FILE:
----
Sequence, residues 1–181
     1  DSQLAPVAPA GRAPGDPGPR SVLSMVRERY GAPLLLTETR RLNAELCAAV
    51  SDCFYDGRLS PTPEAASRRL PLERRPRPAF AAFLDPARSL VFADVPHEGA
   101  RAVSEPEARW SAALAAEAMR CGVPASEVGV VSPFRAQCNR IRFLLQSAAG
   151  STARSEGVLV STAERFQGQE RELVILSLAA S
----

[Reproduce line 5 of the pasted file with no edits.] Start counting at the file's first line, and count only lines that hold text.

   151  STARSEGVLV STAERFQGQE RELVILSLAA S